Tuesday, March 31, 2009

KIEV, UKRAINE (AP) - Ukraine’s beleaguered president proposed constitutional changes Tuesday that would increase the president’s powers _ amendments analysts say could moderate the contentiousness that frequently paralyzes politics here.

In his annual address to parliament, Viktor Yushchenko called for the president to be granted the right to veto government decisions on foreign policy, defense and security matters. Currently, the president can only put such decisions on hold and challenge them in the country’s constitutional court.

He also proposed creating a second chamber of parliament, whose members would be elected single-seat districts. Seats in the current parliament are allotted based on the portion of the vote a party wins nationally.

Sessions of parliament often erupt in shouting matches and even fist fights between party blocs.

Analysts said that deputies representing particular districts would be less strongly tied to parties and more inclined toward compromise. That could give the president more authority as a negotiator between the chambers.



In another change, Yushchenko suggested limiting presidents to a single term, although nonconsecutive terms would be allowed. It was not clear whether he envisioned the term-limit as applying to himself.

Ukraine must hold presidential elections by January and Yushchenko’s proposals could be seen as an effort to strengthen his position before seeking re-election.

“All these changes have become timely,” Yushchenko said in lengthy speech to parliament.

The constitution was hastily rewritten during the 2004 Orange Revolution, increasing the powers of the prime minister and parliament at the expense of the presidency. Yushchenko, who was brought to power by those pro-democracy protests, agreed to the changes as part of a compromise.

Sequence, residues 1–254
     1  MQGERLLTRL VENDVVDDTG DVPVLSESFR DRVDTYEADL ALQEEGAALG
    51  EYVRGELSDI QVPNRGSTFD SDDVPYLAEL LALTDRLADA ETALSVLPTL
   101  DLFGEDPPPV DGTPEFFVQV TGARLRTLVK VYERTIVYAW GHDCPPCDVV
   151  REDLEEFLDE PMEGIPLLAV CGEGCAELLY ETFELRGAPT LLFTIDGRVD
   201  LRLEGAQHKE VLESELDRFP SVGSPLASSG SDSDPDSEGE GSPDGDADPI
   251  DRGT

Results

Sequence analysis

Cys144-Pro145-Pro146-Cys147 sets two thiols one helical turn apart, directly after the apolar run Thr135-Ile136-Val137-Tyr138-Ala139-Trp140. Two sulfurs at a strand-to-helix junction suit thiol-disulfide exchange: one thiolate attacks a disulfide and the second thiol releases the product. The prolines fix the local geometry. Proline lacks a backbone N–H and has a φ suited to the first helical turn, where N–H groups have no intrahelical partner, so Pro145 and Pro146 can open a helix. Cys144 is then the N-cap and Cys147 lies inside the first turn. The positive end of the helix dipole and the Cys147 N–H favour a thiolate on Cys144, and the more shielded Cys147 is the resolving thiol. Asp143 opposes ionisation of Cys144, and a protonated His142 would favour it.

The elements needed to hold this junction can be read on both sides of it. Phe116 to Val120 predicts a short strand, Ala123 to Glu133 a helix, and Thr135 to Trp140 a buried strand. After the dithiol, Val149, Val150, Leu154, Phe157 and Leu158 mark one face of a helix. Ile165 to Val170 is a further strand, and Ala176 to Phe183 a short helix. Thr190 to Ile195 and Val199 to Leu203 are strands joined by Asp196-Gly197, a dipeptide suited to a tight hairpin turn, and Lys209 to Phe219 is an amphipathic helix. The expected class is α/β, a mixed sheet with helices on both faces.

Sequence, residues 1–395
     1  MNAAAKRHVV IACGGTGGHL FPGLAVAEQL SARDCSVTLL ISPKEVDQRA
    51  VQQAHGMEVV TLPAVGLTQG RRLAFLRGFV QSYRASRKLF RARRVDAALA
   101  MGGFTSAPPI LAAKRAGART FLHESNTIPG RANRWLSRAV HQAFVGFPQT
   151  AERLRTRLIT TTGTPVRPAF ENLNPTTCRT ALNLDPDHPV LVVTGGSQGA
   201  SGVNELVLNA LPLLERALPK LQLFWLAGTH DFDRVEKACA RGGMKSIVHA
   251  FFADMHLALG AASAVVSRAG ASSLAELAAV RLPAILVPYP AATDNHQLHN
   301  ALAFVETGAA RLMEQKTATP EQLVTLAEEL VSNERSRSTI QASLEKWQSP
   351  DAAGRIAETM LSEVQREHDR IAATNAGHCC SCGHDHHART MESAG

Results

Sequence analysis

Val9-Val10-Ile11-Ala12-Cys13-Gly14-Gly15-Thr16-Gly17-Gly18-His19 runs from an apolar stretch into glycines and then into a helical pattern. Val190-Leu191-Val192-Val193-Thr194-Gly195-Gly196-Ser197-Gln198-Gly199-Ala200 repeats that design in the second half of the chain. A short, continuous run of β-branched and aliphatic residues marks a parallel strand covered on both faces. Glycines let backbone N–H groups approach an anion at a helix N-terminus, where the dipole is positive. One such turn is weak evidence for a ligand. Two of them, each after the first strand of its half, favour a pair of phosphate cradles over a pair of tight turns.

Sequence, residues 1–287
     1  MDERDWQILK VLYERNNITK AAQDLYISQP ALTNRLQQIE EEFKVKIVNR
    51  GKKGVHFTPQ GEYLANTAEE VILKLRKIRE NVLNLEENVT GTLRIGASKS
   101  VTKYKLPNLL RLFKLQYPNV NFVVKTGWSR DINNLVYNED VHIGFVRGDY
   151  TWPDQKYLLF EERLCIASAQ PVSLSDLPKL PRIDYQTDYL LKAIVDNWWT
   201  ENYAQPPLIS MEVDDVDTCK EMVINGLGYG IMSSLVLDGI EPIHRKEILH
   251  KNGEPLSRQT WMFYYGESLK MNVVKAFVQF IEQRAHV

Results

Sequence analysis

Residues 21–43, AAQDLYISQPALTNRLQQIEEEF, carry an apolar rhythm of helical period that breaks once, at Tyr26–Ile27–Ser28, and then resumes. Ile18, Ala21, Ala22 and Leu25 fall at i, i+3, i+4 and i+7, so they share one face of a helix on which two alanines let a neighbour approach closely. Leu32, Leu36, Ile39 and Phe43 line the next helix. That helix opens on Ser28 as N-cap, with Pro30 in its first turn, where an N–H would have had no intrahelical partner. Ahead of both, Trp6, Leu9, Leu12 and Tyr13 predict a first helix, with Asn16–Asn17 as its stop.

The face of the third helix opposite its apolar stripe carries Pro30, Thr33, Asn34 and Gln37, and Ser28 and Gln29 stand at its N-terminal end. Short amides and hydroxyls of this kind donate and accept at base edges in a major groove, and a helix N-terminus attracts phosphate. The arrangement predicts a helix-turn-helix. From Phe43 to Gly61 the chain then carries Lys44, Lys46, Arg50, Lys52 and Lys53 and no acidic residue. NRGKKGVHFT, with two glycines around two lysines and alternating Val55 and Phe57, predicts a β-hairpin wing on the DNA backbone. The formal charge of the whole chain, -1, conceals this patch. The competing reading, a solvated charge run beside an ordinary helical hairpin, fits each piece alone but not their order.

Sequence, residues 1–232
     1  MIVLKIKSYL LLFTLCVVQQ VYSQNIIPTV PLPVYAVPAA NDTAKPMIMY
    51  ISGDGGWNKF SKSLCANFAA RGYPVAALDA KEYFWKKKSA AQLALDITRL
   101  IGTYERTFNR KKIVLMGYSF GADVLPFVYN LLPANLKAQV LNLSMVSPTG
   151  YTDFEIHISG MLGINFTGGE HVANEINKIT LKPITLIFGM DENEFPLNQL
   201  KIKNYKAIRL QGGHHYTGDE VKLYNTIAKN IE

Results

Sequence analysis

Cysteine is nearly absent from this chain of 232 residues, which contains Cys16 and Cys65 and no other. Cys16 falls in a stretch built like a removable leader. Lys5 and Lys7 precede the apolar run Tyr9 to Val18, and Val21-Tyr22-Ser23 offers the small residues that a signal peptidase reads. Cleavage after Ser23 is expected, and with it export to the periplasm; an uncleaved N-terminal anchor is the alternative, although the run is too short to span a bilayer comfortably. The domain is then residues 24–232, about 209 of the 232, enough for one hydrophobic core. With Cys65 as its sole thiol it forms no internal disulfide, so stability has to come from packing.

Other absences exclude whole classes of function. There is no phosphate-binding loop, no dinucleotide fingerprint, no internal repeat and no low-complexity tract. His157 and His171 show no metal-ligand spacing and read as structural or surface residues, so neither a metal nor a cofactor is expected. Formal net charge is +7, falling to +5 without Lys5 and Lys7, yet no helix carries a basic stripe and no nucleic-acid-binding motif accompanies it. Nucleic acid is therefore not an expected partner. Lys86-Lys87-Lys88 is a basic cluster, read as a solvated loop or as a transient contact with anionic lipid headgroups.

As a result, many laws contradict each other and there is no clear division of power between president and prime minister. That has led in recent years to a string of government shake-ups, early elections and a tug-of-war between Yushchenko and his Orange Revolution ally Prime Minister Yulia Tymoshenko that has exacerbated the effect of the global financial crisis on Ukraine.

“The president is trying to strengthen presidential powers with the second chamber,” said Vadim Karasyov, head of the Kiev-based Institute on Global Strategies, who has ties to Yushchenko’s office.

Karasyov said the proposal suggested Yushchenko may be considering running for a second term in a vote likely to take place in early January.

Once the highly celebrated Orange Revolution leader, Yushchenko, 55, has seen his popularity plummet to below 5 percent due to the slow pace of reforms, his struggle with Tymoshenko and the financial crisis.

Experts say Yushchenko will have a hard time in pushing through these changes amid an economic meltdown and with a presidential election looming.

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